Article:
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“There is a point where bold becomes stupid.” Ving Rhames’s character Luthor speaks these words and couldn’t be more right. Just by looking at the evolution of the Mission Impossible series, one can see a bold example of cerebral storytelling shot by virtuoso Brian De Palma and a cold, mechanical showing, of a really stupid haircut, filmed by John Woo, who still hasn’t matched the brilliance of his final Hong Kong piece Hard Boiled stateside. Mission Impossible III definitely could have fallen in either camp—my thoughts leaned towards stupid—however, thanks, I’m sure in no small part to J.J. Abrams, we are given an enjoyable piece of popcorn action infused with just the right amount of heart.

Unlike the first film incarnation, which had multiple characters backseat-bound to the intricate story, and the second, a vanity project with everything on the periphery of Tom Cruise as an expendable device, we are now given a look into what makes the characters who they are and allow us to have an emotional tie to them, while still being treated with some high-powered eye-candy. There is a definite comparison to Abrams’s TV show “Lost” as the story is shot with a few flashbacks to help show the audience exposition. We aren’t treated like babies and fed with an update on where the characters have been at the beginning. Instead we are thrown right into the struggle before being jarred into the past to see how we arrived at that point. Abrams seems a master at character development in as few words as possible. He needs only one sentence to explain the past life of Michelle Monaghan’s Jules at an early engagement party scene. We don’t even need to be told what she does for a living because Ethan will visit her at the hospital. Is she a doctor or nurse? It doesn’t matter, she helps people and that itself adds to her character.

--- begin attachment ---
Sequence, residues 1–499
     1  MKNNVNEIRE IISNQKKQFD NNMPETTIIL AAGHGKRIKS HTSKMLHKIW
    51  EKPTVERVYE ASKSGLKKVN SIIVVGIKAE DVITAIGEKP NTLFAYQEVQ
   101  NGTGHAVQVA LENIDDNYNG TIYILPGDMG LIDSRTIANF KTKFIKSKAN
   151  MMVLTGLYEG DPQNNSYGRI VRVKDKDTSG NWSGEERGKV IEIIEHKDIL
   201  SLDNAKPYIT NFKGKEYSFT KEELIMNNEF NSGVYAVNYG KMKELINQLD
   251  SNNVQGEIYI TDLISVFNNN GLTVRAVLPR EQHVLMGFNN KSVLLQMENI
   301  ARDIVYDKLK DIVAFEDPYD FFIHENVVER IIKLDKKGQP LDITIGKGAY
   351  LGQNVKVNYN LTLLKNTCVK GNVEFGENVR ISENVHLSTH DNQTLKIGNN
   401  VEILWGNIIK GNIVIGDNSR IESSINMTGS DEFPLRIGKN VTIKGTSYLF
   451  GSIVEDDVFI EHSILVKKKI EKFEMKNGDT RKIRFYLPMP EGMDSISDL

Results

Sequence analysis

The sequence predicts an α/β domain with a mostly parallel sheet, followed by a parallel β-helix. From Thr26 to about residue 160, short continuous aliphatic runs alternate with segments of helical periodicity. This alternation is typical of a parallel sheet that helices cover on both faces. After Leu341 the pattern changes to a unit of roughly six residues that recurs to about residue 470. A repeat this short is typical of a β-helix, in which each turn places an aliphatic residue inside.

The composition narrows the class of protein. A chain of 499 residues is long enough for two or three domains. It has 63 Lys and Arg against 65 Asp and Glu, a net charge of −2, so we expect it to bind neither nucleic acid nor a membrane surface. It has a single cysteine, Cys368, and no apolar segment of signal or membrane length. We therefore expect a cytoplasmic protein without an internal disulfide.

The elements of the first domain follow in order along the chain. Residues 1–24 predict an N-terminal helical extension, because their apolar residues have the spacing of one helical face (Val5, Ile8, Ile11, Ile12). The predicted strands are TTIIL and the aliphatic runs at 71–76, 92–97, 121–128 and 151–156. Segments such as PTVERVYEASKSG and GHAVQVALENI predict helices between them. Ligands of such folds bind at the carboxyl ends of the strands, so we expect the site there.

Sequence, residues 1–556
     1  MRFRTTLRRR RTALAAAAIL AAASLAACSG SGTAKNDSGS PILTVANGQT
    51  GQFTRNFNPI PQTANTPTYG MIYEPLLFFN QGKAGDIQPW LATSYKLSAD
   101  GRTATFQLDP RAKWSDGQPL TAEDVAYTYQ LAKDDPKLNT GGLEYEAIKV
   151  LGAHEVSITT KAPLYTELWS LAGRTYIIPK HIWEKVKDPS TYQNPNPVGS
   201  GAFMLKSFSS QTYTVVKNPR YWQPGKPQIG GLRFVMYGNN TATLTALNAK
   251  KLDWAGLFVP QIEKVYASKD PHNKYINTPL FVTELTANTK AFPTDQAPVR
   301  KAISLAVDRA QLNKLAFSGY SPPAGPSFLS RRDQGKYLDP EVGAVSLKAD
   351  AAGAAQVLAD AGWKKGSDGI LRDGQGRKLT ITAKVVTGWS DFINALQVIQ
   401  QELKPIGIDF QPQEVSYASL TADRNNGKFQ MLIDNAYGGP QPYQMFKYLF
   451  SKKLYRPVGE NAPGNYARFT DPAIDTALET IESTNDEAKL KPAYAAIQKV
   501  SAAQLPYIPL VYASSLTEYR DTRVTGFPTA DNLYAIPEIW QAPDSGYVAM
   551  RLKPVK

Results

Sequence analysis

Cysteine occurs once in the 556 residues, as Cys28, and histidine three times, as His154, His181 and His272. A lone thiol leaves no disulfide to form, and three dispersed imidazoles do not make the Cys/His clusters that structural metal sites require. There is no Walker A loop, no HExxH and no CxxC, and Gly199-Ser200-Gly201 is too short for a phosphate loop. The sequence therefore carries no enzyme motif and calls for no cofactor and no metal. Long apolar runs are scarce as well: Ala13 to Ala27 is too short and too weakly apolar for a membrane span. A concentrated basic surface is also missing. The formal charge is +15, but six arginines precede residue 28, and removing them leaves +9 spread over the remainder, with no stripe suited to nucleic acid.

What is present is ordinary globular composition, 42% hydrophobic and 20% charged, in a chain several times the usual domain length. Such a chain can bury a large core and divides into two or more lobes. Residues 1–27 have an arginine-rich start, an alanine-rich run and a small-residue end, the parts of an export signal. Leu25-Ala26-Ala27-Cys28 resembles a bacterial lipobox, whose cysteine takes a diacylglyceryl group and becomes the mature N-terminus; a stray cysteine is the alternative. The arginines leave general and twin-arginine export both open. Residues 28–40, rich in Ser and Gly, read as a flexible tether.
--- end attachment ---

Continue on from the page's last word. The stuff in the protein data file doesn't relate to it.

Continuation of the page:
Superb acting is shown along with the elaborate, non-stop action. Besides Cruise, who does all he is asked, everyone is given a secondary role that they run with. No one seems on the fringe and all are integral to the plot. Monaghan does a good job of being the love interest who is not frail and defenseless—known by the basejumping she was doing when she met Hunt, this fearlessness helps the audience accept what her character is asked to do towards the end—and builds upon her resume after a nice turn in last year’s grossly overlooked Kiss, Kiss, Bang, Bang; Jonathan Rhys Meyers, Maggie Q, and Rhames play the action heroes to perfection, exuding kidlike glee upon accomplishing an impossible task; Billy Crupup gives a nice understated performance as Ethan’s contact at the agency; and Laurence Fishburne infuses some welcome straightfaced sarcasm. Not surprisingly, Philip Seymour Hoffman is also fantastic as the villain, adding credibility to a film that needed it after the debacle that was MI:II. The best, however, is scenestealing Simon Pegg, who is so funny he reminded me of how much I loved Shaun of the Dead and am anticipating the forthcoming Hot Fuzz.

Overall, Mission Impossible III delivers on the action as promised, but also shows heart. Everything is done for love and that really does help us follow the journey and feel for these people as they try to juggle saving the world along with saving their home.

Mission Impossible III 7/10
As comparison: MI:I 7/10, MI:II 3/10

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photography:
[1] A scene from Paramount Pictures’ Mission: Impossible III, starring Tom Cruise
and Michelle Monaghan

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